As Codex Obscurum has grown, so has its proficiency in layout. This is the most readable issue yet, generally sticking a band logo at the start of an interview and then being sparse with other images and keeping the text high-contrast usually of a light grey on black variety. This format works well and the use of distinctly shaped fonts also keeps this from falling into the trap of the illegible muddy blur of a xerox disaster that many zines are. Reviews are black text on grey background for added readability, and whether from rush or deliberation, the black-on-white table of contents is if nothing else clear as a bell. Writing standards have inched upward, too, with tightly edited pieces and almost no typos and spelling errors. All of the above make it easy to pick up this zine, which at half-page size can be handily carried anywhere you would take a paperback, and to relax and absorb the content. It would not be surprising to see someone whip this out at a university library, transhumanist rally or on the international space station, because it has that kind of density of information and yet casual enjoyment factor. It is good to see this zine getting the recognition it deserves and its growth both in size and technique for an intensely professional and yet familiar metal reading experience.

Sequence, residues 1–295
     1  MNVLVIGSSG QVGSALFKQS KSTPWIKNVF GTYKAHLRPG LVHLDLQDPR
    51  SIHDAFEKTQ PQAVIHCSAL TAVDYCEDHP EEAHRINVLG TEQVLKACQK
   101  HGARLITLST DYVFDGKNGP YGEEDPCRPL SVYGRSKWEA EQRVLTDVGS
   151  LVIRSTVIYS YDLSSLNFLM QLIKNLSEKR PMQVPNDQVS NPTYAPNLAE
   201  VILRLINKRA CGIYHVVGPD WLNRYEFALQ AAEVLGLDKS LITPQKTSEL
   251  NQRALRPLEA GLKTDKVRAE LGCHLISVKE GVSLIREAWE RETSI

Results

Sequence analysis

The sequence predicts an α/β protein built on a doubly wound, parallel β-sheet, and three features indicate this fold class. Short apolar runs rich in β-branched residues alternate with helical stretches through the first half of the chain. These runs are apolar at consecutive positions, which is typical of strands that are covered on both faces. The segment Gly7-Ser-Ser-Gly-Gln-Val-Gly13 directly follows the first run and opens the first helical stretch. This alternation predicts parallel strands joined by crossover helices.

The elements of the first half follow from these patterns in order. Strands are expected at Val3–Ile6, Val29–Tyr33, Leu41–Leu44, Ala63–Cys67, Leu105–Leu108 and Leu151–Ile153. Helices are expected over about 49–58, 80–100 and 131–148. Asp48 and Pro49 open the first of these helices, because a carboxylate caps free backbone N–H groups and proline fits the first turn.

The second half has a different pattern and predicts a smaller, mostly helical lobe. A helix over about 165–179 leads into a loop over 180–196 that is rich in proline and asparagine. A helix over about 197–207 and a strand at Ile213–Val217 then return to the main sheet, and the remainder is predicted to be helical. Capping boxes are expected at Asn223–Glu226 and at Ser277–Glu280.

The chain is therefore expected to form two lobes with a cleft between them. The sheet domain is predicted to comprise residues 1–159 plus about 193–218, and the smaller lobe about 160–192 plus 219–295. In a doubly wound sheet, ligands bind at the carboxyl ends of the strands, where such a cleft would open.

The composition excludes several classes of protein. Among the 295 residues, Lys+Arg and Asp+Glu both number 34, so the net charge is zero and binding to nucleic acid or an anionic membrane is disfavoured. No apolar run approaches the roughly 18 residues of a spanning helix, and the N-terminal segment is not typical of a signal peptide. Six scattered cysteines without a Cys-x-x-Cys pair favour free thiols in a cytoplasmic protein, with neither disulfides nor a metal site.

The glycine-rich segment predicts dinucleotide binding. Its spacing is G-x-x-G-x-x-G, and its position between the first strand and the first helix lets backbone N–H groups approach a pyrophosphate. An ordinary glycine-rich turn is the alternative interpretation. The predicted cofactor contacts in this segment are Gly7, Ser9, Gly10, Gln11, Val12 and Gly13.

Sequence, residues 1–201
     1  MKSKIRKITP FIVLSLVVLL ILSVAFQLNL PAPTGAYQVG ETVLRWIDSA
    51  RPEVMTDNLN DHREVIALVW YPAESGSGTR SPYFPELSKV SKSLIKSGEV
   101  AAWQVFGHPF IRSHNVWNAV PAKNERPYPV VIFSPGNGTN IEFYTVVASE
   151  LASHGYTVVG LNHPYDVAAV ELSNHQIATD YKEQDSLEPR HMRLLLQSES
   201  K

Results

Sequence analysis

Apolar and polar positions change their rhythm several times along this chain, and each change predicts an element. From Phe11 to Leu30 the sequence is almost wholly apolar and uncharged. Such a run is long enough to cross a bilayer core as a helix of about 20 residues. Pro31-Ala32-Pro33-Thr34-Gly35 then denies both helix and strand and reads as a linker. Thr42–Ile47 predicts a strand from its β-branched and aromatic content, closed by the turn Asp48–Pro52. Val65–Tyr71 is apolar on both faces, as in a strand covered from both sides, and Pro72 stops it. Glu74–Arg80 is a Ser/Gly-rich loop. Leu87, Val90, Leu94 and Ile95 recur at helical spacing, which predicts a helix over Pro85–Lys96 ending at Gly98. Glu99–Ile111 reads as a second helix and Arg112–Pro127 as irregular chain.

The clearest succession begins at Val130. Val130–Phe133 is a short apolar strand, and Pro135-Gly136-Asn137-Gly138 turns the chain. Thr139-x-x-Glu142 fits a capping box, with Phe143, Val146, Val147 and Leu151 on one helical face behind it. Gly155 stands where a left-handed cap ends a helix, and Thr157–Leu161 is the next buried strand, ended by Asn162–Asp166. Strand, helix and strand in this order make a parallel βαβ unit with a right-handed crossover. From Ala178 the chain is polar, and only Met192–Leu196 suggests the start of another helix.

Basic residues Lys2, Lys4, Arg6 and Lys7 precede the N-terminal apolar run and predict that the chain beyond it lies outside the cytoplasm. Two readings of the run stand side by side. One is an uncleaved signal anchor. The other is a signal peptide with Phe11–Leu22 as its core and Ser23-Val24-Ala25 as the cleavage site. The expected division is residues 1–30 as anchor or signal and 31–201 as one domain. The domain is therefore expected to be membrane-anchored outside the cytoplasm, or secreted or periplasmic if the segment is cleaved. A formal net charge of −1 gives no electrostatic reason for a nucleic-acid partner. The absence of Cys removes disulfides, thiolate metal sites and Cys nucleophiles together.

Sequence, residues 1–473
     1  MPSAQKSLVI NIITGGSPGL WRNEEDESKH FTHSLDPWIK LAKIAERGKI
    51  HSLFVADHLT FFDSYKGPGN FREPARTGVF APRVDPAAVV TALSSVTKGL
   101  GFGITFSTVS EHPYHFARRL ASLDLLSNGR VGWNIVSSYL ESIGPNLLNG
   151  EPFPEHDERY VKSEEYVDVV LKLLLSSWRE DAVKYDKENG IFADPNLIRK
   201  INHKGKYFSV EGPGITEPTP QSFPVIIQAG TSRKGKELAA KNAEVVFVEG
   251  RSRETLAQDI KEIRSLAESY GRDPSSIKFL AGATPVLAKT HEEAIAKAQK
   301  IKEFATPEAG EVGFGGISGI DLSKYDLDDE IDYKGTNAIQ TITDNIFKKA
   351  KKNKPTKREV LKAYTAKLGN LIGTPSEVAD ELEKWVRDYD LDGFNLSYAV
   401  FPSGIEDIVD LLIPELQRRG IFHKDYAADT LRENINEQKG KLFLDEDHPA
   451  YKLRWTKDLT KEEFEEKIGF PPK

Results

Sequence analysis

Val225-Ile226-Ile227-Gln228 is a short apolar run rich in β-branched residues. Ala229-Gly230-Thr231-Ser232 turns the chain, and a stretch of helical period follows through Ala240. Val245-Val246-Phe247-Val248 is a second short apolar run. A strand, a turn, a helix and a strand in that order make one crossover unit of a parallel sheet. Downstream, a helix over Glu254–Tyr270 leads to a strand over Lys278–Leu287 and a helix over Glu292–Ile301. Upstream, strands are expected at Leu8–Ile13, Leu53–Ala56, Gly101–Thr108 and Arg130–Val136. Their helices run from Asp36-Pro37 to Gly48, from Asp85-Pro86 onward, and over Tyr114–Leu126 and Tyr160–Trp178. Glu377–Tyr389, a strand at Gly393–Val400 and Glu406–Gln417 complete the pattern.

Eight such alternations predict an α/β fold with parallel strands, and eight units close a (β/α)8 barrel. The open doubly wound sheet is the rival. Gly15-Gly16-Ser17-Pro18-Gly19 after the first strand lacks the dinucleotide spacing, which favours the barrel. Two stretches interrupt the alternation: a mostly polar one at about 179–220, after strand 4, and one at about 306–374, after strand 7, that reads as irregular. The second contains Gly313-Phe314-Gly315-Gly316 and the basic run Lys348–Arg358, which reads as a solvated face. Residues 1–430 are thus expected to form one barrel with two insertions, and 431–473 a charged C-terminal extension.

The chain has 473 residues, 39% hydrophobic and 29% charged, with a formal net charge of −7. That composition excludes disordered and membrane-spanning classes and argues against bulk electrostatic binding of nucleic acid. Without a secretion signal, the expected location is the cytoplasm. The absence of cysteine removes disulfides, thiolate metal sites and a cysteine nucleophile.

Psynthesis releases first video

psynthesis

Hailing from Israel, Psynthesis plays a style of death metal with riffing that shows a connection to speed metal in the same way that Slayer’s Hell Awaits is, by definition, a death metal album while maintaining a riff-style and vocal-music interplay similar to speed metal. Following a conservative line, Psynthesis’ power lies in its deliberate limitation of musical scope and expression which results in a focused and clear result.